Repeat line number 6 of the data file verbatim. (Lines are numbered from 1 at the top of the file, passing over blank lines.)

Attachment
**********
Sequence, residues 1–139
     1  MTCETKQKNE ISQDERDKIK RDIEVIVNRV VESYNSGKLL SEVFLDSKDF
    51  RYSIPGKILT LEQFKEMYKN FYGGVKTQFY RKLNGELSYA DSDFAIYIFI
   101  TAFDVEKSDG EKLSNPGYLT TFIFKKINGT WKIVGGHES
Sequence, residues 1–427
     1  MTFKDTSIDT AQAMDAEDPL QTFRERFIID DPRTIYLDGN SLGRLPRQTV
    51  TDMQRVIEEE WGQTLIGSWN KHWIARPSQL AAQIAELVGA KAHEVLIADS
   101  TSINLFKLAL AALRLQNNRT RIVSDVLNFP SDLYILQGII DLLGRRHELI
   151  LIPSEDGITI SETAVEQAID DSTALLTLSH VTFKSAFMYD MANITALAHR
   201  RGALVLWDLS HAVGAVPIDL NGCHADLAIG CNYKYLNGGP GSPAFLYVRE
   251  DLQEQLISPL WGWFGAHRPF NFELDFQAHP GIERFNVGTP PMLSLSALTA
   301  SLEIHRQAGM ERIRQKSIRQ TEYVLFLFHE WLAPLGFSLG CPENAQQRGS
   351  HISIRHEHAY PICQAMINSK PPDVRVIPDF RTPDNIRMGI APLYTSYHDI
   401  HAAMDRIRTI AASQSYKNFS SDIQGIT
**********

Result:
     1  MTFKDTSIDT AQAMDAEDPL QTFRERFIID DPRTIYLDGN SLGRLPRQTV